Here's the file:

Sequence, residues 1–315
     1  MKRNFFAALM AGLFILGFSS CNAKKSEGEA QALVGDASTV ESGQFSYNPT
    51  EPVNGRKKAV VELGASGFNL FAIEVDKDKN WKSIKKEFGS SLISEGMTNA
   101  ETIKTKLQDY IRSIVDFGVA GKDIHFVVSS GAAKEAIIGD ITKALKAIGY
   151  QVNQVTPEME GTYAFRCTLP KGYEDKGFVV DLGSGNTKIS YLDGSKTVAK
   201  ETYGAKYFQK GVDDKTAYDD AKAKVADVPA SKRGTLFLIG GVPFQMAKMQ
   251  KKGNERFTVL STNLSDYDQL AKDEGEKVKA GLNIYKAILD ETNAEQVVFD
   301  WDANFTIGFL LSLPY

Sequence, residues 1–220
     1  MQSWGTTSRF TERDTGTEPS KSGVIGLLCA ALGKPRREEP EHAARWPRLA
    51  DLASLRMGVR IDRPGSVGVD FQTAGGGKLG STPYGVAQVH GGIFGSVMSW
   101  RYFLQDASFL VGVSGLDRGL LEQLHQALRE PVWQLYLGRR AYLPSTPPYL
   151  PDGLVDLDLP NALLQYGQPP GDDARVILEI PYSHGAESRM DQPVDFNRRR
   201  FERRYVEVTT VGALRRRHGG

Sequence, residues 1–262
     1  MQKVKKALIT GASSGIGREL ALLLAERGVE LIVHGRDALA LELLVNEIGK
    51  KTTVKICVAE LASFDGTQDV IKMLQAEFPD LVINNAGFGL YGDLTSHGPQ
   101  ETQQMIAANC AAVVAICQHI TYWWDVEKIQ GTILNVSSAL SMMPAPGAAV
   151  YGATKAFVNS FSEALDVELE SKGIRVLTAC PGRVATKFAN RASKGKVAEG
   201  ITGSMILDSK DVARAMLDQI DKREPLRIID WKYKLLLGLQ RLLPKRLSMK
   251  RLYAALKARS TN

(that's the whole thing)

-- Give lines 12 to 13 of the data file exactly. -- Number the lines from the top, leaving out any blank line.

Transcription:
   101  RYFLQDASFL VGVSGLDRGL LEQLHQALRE PVWQLYLGRR AYLPSTPPYL
   151  PDGLVDLDLP NALLQYGQPP GDDARVILEI PYSHGAESRM DQPVDFNRRR